Indian Super League

FC Pune City coach Popovic suspended for ‘public comments’ against match officials

Popovic has been punished for repeat breaches after being found guilty earlier of abusing and insulting officials and was imposed with sanctions.

The All India Football Federation’s disciplinary committee on Friday suspended FC Pune City head coach Ranko Popovic with immediate effect pending further inquiry for committing his third offence in the ongoing Indian Super League.

Disciplinary committee chairman Ushanath Banerjee, while reviewing the latest public comments made by Popovic against referee and match officials, issued the sanction order.

In a communication to the club, Banerjee stated: “Having considered the utterances against the decisions of the referee and the match officials, it prima facie appears that Mr. Ranko Popovic has breached the Disciplinary Code and the Law of Game with impunity amounting to gross misconduct.”

“On earlier occasion, Mr. Popovic was held guilty of abusing and insulting match officials and was imposed with sanctions.

Even thereafter, he continued with his obdurate acts resulting warning. The instant subject matters are thus 3rd instance of breach.”

Going into the fourth season of Hero Indian Super League, FC Pune City had the dubious distinction of being one of two teams to have never qualified for the semifinals.

But it is Popovic who has made a big impact as he guide them to the semifinals of the ongoing edition, despite not being involved in the any of the recruitment before the season.
However, he has a penchant for getting into trouble with the administrators.

Banerjee stated, “Accordingly, issue show cause notice for repeat breaches and he is to reply within 9/3/2018 and appear for hearing before the Committee on 16th March 2018 at Football House, Delhi. In the meanwhile pending final decision of the Committee, Mr Ranko Popovic to remain suspended under Article 21 and 22 of the Code.”

Pune City FC hosted Bengaluru in the first leg semifinal on Wednesday, which ended in a goal-less draw.

Support our journalism by subscribing to Scroll+ here. We welcome your comments at letters@scroll.in.
Sponsored Content BY 

A special shade of blue inspired these musicians to create a musical piece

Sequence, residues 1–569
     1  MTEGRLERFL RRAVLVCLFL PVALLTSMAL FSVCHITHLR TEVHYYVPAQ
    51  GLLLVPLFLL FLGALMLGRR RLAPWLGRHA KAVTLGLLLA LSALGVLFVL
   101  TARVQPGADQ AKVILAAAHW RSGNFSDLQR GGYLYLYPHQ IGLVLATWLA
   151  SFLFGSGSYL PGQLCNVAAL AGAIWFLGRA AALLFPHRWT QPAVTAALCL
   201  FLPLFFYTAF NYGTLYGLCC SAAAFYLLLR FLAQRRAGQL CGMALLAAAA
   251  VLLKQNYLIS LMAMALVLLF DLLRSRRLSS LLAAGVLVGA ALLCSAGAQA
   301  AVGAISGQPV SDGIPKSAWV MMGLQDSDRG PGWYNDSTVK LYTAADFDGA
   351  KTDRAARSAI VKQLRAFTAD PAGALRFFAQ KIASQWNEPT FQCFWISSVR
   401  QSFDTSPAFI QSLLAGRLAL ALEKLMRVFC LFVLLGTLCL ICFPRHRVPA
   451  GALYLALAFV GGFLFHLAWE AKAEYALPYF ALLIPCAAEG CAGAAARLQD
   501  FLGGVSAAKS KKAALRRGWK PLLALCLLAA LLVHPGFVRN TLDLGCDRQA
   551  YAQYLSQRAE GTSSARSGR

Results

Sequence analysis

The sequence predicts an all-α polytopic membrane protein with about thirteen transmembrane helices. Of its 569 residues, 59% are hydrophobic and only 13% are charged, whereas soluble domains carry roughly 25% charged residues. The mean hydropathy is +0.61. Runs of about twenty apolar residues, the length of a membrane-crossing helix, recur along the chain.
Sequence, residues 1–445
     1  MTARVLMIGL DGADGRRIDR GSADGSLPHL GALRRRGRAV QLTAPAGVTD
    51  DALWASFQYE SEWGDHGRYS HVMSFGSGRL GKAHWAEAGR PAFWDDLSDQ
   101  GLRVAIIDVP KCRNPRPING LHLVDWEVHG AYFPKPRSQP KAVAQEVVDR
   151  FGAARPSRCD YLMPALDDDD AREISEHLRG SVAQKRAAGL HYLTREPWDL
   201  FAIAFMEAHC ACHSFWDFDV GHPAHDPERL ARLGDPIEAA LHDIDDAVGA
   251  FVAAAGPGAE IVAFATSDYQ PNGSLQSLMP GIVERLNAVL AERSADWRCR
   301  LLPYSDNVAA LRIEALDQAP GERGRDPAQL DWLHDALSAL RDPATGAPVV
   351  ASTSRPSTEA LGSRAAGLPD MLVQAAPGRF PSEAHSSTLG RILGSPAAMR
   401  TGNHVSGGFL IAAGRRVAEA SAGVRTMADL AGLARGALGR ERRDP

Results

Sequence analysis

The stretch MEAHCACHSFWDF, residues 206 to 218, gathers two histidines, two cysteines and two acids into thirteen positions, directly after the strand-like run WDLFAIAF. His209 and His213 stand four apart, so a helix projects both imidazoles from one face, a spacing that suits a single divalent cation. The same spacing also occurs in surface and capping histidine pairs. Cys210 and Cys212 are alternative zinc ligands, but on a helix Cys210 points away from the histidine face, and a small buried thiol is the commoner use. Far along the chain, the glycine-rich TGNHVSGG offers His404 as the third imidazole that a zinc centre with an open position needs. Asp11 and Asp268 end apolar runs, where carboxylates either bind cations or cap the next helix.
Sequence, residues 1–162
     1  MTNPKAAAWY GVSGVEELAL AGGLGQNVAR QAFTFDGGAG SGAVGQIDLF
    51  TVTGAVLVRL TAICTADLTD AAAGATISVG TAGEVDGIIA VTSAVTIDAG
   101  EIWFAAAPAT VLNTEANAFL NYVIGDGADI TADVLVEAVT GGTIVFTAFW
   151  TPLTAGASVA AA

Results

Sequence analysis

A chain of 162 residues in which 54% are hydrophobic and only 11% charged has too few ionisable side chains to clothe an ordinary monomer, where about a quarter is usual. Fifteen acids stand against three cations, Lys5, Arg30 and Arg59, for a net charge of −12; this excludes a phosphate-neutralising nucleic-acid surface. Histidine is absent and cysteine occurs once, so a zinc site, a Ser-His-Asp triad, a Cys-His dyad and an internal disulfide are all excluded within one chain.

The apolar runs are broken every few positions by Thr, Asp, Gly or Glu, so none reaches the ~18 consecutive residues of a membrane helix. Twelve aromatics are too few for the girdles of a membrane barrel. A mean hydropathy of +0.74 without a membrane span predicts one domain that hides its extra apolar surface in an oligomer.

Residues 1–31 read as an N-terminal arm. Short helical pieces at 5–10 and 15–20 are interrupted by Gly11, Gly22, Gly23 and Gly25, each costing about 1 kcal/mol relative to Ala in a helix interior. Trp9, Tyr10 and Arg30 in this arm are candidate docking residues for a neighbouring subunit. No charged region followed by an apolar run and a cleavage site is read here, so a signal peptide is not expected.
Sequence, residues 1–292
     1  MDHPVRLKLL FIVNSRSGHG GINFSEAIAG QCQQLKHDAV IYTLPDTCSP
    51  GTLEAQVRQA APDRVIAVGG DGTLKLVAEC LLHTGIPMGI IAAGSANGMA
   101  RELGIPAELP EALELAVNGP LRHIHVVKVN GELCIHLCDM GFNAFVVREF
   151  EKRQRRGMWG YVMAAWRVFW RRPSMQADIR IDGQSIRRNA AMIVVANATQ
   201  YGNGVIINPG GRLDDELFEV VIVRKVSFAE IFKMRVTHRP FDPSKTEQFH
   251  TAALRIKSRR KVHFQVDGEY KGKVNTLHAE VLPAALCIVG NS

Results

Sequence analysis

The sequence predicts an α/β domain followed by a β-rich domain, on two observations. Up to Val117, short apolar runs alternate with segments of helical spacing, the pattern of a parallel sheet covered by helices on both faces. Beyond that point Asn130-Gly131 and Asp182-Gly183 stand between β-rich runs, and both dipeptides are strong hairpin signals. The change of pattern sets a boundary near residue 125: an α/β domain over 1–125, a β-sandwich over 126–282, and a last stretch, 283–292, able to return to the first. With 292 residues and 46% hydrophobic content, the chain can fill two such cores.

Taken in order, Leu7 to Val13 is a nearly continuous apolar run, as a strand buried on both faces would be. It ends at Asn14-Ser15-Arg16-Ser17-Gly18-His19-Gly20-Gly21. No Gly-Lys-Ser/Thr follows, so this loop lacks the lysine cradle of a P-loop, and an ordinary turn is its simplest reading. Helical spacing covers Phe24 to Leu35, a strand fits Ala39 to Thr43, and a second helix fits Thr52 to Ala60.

Thanks to an interesting neurological condition called synesthesia.

On certain forums on the Internet, heated discussions revolve around the colour of number 9 or the sound of strawberry cupcake. And most forum members mount a passionate defence of their points of view on these topics. These posts provide insight into a lesser known, but well-documented, sensory condition called synesthesia - simply described as the cross wiring of the senses.

Synesthetes can ‘see’ music, ‘taste’ paintings, ‘hear’ emotions...and experience other sensory combinations based on their type. If this seems confusing, just pay some attention to our everyday language. It’s riddled with synesthesia-like metaphors - ‘to go green with envy’, ‘to leave a bad taste in one’s mouth’, ‘loud colours’, ‘sweet smells’ and so on.

Synesthesia is a deeply individual experience for those who have it and differs from person to person. About 80 different types of synesthesia have been discovered so far. Some synesthetes even have multiple types, making their inner experience far richer than most can imagine.

Most synesthetes vehemently maintain that they don’t consider their synesthesia to be problem that needs to be fixed. Indeed, synesthesia isn’t classified as a disorder, but only a neurological condition - one that scientists say may even confer cognitive benefits, chief among them being a heightened sense of creativity.

Pop culture has celebrated synesthetic minds for centuries. Synesthetic musicians, writers, artists and even scientists have produced a body of work that still inspires. Indeed, synesthetes often gravitate towards the arts. Eduardo is a Canadian violinist who has synesthesia. He’s, in fact, so obsessed with it that he even went on to do a doctoral thesis on the subject. Eduardo has also authored a children’s book meant to encourage latent creativity, and synesthesia, in children.

Litsa, a British violinist, sees splashes of paint when she hears music. For her, the note G is green; she can’t separate the two. She considers synesthesia to be a fundamental part of her vocation. Samara echoes the sentiment. A talented cellist from London, Samara can’t quite quantify the effect of synesthesia on her music, for she has never known a life without it. Like most synesthetes, the discovery of synesthesia for Samara was really the realisation that other people didn’t experience the world the way she did.

Eduardo, Litsa and Samara got together to make music guided by their synesthesia. They were invited by Maruti NEXA to interpret their new automotive colour - NEXA Blue. The signature shade represents the brand’s spirit of innovation and draws on the legacy of blue as the colour that has inspired innovation and creativity in art, science and culture for centuries.

Each musician, like a true synesthete, came up with a different note to represent the colour. NEXA roped in Indraneel, a composer, to tie these notes together into a harmonious composition. The video below shows how Sound of NEXA Blue was conceived.

Play

You can watch Eduardo, Litsa and Samara play the entire Sound of NEXA Blue composition in the video below.

Play

To know more about NEXA Blue and how the brand constantly strives to bring something exclusive and innovative to its customers, click here.

This article was produced by the Scroll marketing team on behalf of NEXA and not by the Scroll editorial team.